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Peeter Raudsik: De-escalation situation in the Red Sea has to start with peace in Gaza

Peeter Raudsik.
Peeter Raudsik. Source: ERR

Drone and missile strikes by the Yemen-based Houthi group on shipping in the Red Sea, with the result that many shipping companies have chosen to change routes, leading to a spike in freight rates, demonstrates that the organization is to be taken seriously, according to one commentator.

Talking to ETV show "Valisilm," Peeter Raudsik, Middle East expert, said that the long-running conflict demonstrates that the Houthis are a capable force and that they should not be underestimated, even now.

Raudsik said: "They have the resilience, organization and ability to continue their actions. It is not possible to beat them back by itself, negotiations must take place specifically in the part that is in the Red Sea or in the part that is happening in Gaza."

Those actions include attacks on commercial ships in the Bab-el-Mandeb strait, which connects the Red Sea to the Gulf of Aden and by extension, the Indian Ocean.

Middle East expert Helga Kalm also told "Ringvaade" this week that attacks on merchant ships in the Red Sea need to be seen as a continuation of the war between Israel and Hamas, 

Last Thursday, the Islamic Resistance in Iraq, an umbrella term for pro-Iran Shia Islamist insurgent groups , said that if Yemen were to be hit by the U.S. or its allies, "we will attack the Americans' base with everything in our power."

The next day, the U.S. and the U.K. with backing from several other countries , launched a series of cruise missile and airstrikes against the Houthi in Yemen, in response to the ongoing attacks on ships in the Red Sea.

American officials said the strikes were intended to degrade Houthi capabilities to attack Red Sea targets rather than to kill leaders and Iranian trainers; the Houthis said at least five people were killed and six wounded.

Houthi attacks on shipping had been condemned by the United Nations Security Council the day before the strike.

The ongoing conflict between the US. and Iran-backed militias had been ongoing for several weeks now and includes the interception of Houthi-laucnehd drones and cruise missiles, while the Houtis have repeatedly targeted civilian shipping in the Red Sea.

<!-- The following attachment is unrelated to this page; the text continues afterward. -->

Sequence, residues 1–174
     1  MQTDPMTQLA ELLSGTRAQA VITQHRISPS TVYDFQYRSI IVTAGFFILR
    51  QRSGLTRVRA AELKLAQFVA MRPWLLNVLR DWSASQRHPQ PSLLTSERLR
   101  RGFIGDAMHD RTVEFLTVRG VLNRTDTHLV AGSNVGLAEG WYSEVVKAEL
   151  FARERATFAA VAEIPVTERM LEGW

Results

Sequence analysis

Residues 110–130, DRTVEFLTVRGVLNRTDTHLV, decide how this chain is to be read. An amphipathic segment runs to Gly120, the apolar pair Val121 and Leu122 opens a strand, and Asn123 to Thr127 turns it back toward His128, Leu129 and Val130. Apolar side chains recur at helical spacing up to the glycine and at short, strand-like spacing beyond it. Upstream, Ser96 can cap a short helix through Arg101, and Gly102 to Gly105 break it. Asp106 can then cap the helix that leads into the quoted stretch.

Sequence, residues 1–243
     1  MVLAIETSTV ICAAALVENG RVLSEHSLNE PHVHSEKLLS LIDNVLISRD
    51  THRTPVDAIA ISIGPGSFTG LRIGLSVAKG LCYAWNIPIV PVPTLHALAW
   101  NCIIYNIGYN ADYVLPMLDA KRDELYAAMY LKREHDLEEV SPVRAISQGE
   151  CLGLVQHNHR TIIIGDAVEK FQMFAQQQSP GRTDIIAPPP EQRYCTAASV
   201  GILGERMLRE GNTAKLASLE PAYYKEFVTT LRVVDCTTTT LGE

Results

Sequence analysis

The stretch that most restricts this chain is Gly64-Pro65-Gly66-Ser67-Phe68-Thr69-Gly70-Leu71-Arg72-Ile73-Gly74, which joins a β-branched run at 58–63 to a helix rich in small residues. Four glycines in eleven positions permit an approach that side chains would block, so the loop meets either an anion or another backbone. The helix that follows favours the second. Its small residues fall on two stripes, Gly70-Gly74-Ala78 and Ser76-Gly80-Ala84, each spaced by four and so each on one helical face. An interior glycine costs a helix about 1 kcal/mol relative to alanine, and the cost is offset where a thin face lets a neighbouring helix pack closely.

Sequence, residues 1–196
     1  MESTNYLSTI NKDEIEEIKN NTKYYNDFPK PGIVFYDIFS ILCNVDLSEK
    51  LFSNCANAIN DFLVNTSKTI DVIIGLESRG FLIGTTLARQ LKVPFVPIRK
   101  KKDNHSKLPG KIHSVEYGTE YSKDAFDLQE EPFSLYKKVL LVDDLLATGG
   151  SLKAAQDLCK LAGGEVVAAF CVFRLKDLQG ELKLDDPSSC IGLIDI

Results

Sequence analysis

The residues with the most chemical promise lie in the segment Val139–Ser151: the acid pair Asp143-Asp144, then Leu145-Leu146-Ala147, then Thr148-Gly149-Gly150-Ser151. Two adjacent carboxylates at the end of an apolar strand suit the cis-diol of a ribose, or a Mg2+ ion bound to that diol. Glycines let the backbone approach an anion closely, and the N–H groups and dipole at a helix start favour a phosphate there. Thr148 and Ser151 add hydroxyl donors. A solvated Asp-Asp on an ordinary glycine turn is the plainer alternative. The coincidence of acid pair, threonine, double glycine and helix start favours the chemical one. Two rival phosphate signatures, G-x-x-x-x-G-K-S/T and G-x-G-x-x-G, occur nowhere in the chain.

Raudsik called the Houthis' actions to date: "Unacceptable. This is illegal and dangerous. It can lead to serious loss of life and vessels being sunk. It has to end."

The group is officially known as Ansar Allah, a name which, as is the case with many such militia and terror groups in the region, invokes a theorized monotheistic deity in its title. Ansar Allah itself rejects the name "Houthis."

Much of Western Yemen is under the group's control; Yemen itself has been riven by civil war for a decade now.

In any case, the group's actions are also linked to the current war in Gaza, meaning the situation in the Red Sea is unlikely to improve for as long as that war is going, Raudsik said.

"After all, the war between Israel and Hamas is what has caused this current escalation," Raudsik said.

"De-escalation and the normalization of the situation in the Red Sea must start with the establishment of some kind of peace in Gaza, because right now it is very convenient for the Houthis to play the role of defender of the Palestinians and their interests in the Arab world, as no one else fills this void," Peeter Raudsik commented.

"Until a message comes from the Palestinians that they too are ready to move forward, or Israel will end military operations. But as of today it is difficult to see any external power, other than the U.S., that would be able to induce Israel to do that," Raudsik added.

The Houthis themselves had previously declared that their attacks are in support of Palestinians during the 2023 Israel–Hamas war.

Lloyd's List Intelligence reports shipping traffic in the Red Sea fell by almost 20 percent in the first week of January, while East-West trade prices have more than doubled in a month.

Shipping companies have often chosen alternate routes as a result of the attacks, which have meant a much, much longer detour around the Cape of Good Hope in South Africa

As a result ocean freight rates up to $10,000 per 40-foot container (around a ten-fold increase on the pre-conflict price) have been reported.

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Editor: Andrew Whyte

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